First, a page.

18th Party Congress
The Chinese Communist Party's 18th Congress, held in Beijing November 8-14, 2012, marked a key power transition in China. A new generation of leaders, headed by Xi Jinping and Li Keqiang, took over from the previous leadership headed by Hu Jintao. The Communist Party's Politburo Standing Committee was reduced in number from nine to seven. Unlike his predecessor Jiang Zemin, Hu Jintao handed over both the Party General Secretary and Chairman of the Central Military Commission positions to Xi.
Central Committee vote belies much touted intra-party democracy
Number of Central Committee candidates now matches number of seats
The level of competition in preliminary voting for the elite Central Committee turned out to be lower than expected, dealing another embarrassing blow to the Communist Party's much touted internal democracy.
The formal vote to be held today at the concluding session of the week-long party congress will not be competitive, analysts said, meaning that the number of candidates will match the number of seats available.
Xinhua said at least 8 per cent of nominees were eliminated in the first-round elections for membership and alternate membership (stand-ins in the event a member has to be replaced) of the Central Committee and membership of the Central Commission for Discipline Inspection, the party's top anti-corruption agency.
Official media have been tight-lipped on the exact size of the new Central Committee, but Gansu party congress delegate Wang Dong revealed late yesterday that 205 of 224 candidates had been shortlisted in the first round, meaning 9.3 per cent were eliminated.
That marks little improvement from the previous party congress five years ago, at which 8.3 per cent were eliminated in early voting.
Several other delegates also said 19 candidates had been eliminated in primary elections held on Sunday and Monday. That compared with 17 in 2007.
The two-stage practice is a compromise designed to give congress delegates some freedom to vote while at the same time making sure the result of the formal vote is predetermined.
Despite widespread speculation that party general secretary Hu Jintao may have wanted to promote his own brand of democracy - so-called "intra-party democracy" - by making the preliminary polls more competitive, analysts said he had once again failed to live up to public expectations.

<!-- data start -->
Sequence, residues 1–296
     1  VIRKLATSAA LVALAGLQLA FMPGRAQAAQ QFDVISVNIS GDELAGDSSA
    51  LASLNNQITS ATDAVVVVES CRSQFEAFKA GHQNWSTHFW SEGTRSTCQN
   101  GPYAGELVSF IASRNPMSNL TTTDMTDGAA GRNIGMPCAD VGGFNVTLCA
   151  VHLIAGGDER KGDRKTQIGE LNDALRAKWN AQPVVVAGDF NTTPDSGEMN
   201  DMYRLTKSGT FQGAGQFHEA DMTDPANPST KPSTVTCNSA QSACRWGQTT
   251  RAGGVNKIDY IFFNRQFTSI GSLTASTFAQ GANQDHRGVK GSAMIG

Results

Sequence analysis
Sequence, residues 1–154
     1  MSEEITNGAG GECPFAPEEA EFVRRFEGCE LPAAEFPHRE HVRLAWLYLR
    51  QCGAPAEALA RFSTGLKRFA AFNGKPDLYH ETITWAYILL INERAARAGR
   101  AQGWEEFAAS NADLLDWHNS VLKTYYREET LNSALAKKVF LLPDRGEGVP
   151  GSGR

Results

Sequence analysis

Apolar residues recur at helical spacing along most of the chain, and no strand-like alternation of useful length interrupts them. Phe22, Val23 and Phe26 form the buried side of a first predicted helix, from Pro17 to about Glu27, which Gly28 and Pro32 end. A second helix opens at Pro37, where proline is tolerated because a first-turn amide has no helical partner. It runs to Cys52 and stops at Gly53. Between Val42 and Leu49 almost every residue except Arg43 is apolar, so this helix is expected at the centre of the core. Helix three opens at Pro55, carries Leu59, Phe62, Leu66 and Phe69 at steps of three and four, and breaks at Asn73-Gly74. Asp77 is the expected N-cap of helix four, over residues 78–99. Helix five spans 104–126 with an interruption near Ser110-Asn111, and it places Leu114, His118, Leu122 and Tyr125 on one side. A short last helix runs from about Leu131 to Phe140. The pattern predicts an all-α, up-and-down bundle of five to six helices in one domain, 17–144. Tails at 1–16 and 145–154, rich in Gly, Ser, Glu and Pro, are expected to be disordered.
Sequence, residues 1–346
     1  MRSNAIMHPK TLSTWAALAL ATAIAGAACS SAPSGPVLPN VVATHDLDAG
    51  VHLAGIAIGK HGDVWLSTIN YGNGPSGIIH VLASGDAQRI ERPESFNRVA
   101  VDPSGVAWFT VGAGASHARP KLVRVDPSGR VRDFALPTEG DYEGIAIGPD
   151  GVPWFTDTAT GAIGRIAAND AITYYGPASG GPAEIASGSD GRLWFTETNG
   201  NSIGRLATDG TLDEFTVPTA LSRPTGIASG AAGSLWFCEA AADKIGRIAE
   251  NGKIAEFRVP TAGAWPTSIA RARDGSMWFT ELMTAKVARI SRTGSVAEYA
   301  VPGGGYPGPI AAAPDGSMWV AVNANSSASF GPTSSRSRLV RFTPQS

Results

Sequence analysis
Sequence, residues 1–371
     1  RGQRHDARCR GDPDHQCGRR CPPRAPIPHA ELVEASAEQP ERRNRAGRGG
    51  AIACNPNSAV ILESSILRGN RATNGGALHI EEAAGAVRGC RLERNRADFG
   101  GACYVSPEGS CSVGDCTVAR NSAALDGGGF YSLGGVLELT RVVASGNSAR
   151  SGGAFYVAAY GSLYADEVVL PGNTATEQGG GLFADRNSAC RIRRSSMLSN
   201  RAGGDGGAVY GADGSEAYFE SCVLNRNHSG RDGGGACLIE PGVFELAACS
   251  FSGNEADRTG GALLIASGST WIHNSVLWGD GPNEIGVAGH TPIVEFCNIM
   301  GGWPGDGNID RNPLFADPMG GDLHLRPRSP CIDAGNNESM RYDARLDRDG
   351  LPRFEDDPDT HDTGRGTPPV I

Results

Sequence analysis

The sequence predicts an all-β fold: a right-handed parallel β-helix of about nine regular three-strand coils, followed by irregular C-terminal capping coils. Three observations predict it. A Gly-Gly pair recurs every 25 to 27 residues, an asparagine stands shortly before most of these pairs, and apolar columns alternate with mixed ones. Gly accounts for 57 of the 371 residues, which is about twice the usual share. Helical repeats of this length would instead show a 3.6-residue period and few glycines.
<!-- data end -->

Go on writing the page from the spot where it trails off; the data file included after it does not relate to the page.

Hong Kong-based analyst Johnny Lau Yui-siu said the results laid bare the leadership's reluctance to push for meaningful political reform.
"It basically disappoints everyone who still had hopes for the top-down approach to intra-party democracy," he said.
He said the fact that Xinhua's report yesterday did not mention the exact percentage of nominees eliminated showed the leadership did not have much to show off about.
"If we look at the 13th party congress 25 years ago, when the idea of electoral competition was first introduced with [5 per cent more candidates than seats on] the Central Committee, we'll see the talk of intra-party democracy is nothing but deception," Lau said.
Professor Zhu Lijia, from the Chinese Academy of Governance in Beijing, warned the party had missed yet another opportunity for bolder reform, which an increasingly impatient public is demanding.
"The marginal progress is far from enough to reinitiate meaningful political reform, which has been stalled for over a decade under Hu's leadership," he said.
Beijing-based analyst Chen Ziming also weighed in. "As long as the so-called elections are not subject to public scrutiny, intra-party democracy remains an empty promise," he said.
Xinhua said the congress' 247-member presidium met for the third and last time yesterday and approved the number and names of candidates for today's final ballot.